Giving new life to objects other people consider trash is the foundation for Bart Vargas’s inspirational art.
Using plastic bottles and food packaging, as well as card-board and computer keys, the University of Nebraska at Omaha art and art history instructor shapes the materials into a variety of forms such as skulls, globes, and maps.
In addition to his sculptures, he creates paintings that incorporate salvaged wood from thrown out theater sets and house paint.
“When you paint something and put it on the wall, people don’t realize it is trash anymore,” Vargas said. “They don’t see its previous life.”
Cassie Sullivan, who works at the Anderson O’Brien Fine Arts Gallery in the Old Market where some of Vargas’s art can be found, said gallery clients enjoy that Vargas’s work is created with reusable materials.
Vargas said he pursued a career in art because it comes naturally to him. The artist said his mother told him he has been drawing ever since he could hold something in his hand. While he took art classes throughout his primary school education, he took about 10 years off before going to college to pursue an art degree.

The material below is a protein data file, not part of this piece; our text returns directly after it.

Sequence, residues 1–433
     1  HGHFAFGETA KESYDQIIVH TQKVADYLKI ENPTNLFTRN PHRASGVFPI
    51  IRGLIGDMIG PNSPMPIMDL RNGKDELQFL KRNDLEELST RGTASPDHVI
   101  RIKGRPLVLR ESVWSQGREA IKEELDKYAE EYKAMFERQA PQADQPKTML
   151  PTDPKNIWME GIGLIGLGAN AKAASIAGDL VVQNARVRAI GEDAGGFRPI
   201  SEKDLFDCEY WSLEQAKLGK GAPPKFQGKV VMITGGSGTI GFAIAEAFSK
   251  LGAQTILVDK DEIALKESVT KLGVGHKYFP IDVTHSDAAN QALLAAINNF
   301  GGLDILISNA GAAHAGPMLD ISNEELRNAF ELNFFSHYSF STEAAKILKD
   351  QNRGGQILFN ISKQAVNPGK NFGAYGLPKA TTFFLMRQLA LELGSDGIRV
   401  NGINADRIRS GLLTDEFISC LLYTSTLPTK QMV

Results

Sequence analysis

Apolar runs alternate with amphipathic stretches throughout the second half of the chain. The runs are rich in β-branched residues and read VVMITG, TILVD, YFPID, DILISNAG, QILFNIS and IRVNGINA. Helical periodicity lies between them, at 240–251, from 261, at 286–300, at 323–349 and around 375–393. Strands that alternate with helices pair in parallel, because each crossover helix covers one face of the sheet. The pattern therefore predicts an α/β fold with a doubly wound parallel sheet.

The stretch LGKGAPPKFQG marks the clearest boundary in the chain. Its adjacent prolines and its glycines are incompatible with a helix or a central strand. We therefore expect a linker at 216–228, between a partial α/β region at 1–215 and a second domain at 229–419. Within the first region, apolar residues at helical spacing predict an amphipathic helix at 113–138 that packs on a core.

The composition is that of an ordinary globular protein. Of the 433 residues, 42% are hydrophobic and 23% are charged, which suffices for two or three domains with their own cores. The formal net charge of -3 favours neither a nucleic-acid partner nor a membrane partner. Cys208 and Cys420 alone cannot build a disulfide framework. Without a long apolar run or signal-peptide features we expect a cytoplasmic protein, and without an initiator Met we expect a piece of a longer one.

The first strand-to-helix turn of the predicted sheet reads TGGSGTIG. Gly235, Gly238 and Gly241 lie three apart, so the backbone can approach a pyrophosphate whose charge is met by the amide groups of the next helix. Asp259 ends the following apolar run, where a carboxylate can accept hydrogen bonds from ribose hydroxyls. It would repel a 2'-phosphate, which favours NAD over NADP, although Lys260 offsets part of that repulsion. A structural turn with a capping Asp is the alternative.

During that time, Vargas joined the military and the only art he created was a mural to represent his unit stationed in France during the Bosnian Conflict.
“We are taking things in all the time,” the instructor said. “Everything is influential, but sometimes you don’t know you’ve been influenced until you have hindsight.”
Since 2006, Vargas has had exhibitions of his art throughout the nation and in other countries. His work has been featured in numerous publications including Sculpture Magazine, New American Paintings and HGTV Magazine. While some of the features have been submissions, others were unexpected.
In graduate school, Vargas was selected among 20 people in the United States and Europe for a Contemporary Student Achievement in Sculpture Award for a piece about plastic’s permanence.
“All the plastic we’ve ever made is still here on the planet,” Vargas said. “When our descendants dig us up they’re going to find a lot of plastic.”
The most surprising feature happened because a designer bought a painting by Vargas and designed a room around it, Vargas said. A story in HGTV Magazine about the designer featured the room with his painting as a focus.
“Art has given me a rich life,” Vargas said when asked about his accomplishments. “I think teaching is the most viable way to pay it forward.”
He said the best part of teaching is watching people make personal growth and find their own voice through the use of objects and images.
“Bart cares just as much about the profession of art as his own art,” said Omaha Creative Institute Executive Director Emily Moody. “He is generous with his time for other artists and is an enthusiastic leader in the Omaha Arts community.”